Hard Rain: Headlong Collision with Nature | The Daily Star
12:00 AM, September 15, 2010 / LAST MODIFIED: 12:00 AM, September 15, 2010

Hard Rain: Headlong Collision with Nature

Mark Edwards’ exhibition in Delhi


Photos from the “Hard Rain: Headlong Collision with Nature” exhibition.

Believe it or not, Bob Dylan's music is alive and well even in the inhospitable Sahara desert. Ask British “environmental communicator” Mark Edwards who was lost on the edge of the desert in July 1969. Rescued by a Turareg nomad who lit up a fire with two sticks, he was stumped to see the former produce a cassette player from which Bob Dylan belted out his famous political song, “A Hard Rain's A-Gonna Fall”.
Edward is quoted as saying, “Bob Dylan's song of love and death is burning into me. As Dylan piles image upon image, I have the idea to illustrate each line of the lyric.” In the following years, the photographer travelled around the world on assignments that allowed him to take photographs that would mirror Dylan's powerful lyrics.
The outcome is the “Hard Rain: Headlong Collision with Nature” display which has been viewed by over 15 million people in the world at city centres, botanical gardens, universities and even the United Nations headquarters.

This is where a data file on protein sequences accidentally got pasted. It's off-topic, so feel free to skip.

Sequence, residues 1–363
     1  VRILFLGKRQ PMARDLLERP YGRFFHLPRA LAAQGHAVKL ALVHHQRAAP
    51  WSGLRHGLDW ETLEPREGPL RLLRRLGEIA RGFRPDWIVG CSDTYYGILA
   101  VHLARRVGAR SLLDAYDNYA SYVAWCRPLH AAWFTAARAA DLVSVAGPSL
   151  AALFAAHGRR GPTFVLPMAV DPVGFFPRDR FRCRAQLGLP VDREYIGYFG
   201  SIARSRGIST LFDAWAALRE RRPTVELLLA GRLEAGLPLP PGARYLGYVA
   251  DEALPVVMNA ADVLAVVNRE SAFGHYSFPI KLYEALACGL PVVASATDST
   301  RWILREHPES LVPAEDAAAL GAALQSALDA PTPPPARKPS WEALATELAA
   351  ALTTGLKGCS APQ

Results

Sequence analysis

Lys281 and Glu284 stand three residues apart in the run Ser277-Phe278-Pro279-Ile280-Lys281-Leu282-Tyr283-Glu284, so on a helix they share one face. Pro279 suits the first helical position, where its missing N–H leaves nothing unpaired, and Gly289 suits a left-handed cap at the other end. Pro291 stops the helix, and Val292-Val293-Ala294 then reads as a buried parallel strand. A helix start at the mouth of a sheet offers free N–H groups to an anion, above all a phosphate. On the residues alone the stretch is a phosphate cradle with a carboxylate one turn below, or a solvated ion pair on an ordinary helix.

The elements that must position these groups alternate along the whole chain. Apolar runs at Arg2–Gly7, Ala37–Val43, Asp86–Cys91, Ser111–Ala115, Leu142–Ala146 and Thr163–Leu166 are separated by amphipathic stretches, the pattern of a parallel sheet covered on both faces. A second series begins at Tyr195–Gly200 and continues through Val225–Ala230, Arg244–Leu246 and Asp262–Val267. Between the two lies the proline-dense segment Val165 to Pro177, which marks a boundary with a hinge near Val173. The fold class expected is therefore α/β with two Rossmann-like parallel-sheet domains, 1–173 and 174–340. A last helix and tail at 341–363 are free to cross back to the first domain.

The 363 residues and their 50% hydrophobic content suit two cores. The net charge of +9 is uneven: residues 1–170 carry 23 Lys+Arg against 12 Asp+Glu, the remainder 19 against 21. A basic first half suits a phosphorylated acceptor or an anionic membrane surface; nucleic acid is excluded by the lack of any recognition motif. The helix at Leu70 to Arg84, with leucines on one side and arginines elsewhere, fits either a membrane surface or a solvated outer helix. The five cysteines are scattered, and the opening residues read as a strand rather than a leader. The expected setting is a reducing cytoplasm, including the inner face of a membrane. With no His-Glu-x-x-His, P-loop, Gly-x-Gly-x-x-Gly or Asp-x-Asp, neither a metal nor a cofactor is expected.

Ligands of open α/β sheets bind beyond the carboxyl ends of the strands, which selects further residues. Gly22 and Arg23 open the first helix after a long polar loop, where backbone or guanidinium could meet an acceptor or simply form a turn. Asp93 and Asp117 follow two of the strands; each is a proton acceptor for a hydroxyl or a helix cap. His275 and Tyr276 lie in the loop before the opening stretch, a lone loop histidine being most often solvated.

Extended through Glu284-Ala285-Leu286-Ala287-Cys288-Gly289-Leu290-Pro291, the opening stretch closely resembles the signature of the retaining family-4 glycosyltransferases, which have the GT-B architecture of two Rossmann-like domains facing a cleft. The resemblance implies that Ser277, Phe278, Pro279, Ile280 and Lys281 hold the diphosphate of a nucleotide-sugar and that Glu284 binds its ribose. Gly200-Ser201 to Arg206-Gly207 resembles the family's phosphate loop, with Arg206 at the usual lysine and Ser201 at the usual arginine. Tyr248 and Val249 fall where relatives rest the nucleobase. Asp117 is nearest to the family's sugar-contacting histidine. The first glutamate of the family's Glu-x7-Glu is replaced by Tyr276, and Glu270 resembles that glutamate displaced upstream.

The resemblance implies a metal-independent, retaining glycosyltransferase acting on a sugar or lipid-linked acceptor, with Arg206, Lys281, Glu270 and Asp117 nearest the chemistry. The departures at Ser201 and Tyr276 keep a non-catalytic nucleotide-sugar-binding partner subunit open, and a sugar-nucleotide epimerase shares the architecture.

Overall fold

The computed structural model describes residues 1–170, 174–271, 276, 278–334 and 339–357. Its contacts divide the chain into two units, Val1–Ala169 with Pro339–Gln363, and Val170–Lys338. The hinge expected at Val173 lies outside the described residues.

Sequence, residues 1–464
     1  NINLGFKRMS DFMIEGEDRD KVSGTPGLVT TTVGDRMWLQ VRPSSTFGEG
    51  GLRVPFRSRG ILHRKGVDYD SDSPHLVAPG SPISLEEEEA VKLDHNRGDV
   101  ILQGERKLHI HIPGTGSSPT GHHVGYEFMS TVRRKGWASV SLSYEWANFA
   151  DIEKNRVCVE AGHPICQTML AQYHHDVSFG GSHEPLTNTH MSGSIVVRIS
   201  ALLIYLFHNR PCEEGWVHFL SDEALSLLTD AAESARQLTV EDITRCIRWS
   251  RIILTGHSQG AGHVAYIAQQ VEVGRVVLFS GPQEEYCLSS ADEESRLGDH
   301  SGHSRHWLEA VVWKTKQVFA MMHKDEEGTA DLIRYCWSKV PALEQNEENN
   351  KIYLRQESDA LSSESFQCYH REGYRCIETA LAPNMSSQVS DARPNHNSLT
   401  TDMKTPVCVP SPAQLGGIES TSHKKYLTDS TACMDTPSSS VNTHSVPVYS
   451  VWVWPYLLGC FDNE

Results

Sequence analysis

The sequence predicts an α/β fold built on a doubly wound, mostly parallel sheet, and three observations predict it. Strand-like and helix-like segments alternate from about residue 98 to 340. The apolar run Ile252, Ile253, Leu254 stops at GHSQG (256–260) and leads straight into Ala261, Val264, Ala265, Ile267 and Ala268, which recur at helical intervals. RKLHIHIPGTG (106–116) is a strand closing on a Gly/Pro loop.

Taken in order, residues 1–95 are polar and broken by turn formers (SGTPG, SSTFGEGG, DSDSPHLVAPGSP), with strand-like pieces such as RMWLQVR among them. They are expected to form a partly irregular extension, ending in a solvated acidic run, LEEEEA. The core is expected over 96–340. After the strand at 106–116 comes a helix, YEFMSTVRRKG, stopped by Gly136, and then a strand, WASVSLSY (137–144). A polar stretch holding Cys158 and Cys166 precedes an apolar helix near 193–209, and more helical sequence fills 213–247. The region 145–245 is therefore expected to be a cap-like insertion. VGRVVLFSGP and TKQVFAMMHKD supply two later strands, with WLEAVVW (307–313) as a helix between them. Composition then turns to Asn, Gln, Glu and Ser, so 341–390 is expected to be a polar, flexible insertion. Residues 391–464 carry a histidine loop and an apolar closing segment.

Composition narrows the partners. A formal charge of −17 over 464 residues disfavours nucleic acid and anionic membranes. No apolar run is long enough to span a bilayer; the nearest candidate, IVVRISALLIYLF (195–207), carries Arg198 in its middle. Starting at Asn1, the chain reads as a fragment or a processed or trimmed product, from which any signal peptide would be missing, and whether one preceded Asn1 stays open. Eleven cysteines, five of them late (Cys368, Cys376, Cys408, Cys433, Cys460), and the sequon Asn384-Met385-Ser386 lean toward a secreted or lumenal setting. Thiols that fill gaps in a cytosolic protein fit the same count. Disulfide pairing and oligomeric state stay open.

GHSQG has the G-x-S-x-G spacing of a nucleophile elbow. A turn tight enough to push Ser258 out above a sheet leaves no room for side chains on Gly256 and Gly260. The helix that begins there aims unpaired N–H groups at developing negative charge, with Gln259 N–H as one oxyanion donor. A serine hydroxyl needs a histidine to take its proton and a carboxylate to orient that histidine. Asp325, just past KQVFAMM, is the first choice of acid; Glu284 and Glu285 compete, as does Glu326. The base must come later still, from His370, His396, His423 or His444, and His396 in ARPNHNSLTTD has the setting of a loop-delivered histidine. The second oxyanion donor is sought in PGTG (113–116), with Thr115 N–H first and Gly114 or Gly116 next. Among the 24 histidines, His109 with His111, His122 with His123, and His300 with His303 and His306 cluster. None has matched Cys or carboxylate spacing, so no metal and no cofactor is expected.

The Hard Rain exhibition was recently on in New Delhi. The display was a merger of disturbing images with Dylan's lyrics, among the few such endeavours in India.
A look back at the lyrics which Dylan's many fans are familiar with:
“….Oh, what did you see, my blue eyed son?
And what did you see, my darling young one?
I saw a newborn baby with wild wolves all around it
I saw a highway of diamonds with nobody on it
I saw a black branch with blood that kept drippin'
I saw a room full of men with their hammers a-bleedin'
I saw a white ladder all covered with water
I saw ten thousand takers whose tongues were all broken
I saw guns and sharp swords in the hands of young children
And it's a hard, it's a hard, it's a hard, and it's a hard
It's a hard rain's a-gonna fall.”

As the viewer goes around the exhibition, the images unfold, each coupled with an environmental message. One of the shocking photographs is that of a Bangladeshi refugee carrying his cholera-stricken wife across to safety in Calcutta during the Bangladesh war of 1971. The photographer also asserts that if climate change caused the sea level to rise by just one metre, it would render 20 million people homeless in Bangladesh and India alone.
Another photograph: an oiled seabird is the lucky survivor of an oil tank disaster off the coast of Brazil that polluted miles of coastline and killed thousands of seabirds.
“Each photograph has its own story to tell,” says Dr. Sudhanshu Sinha, head of British Council's Climate Change project in India and Sri Lanka, which presented the exhibition.
Dylan and Edwards couldn't have been better storytellers.

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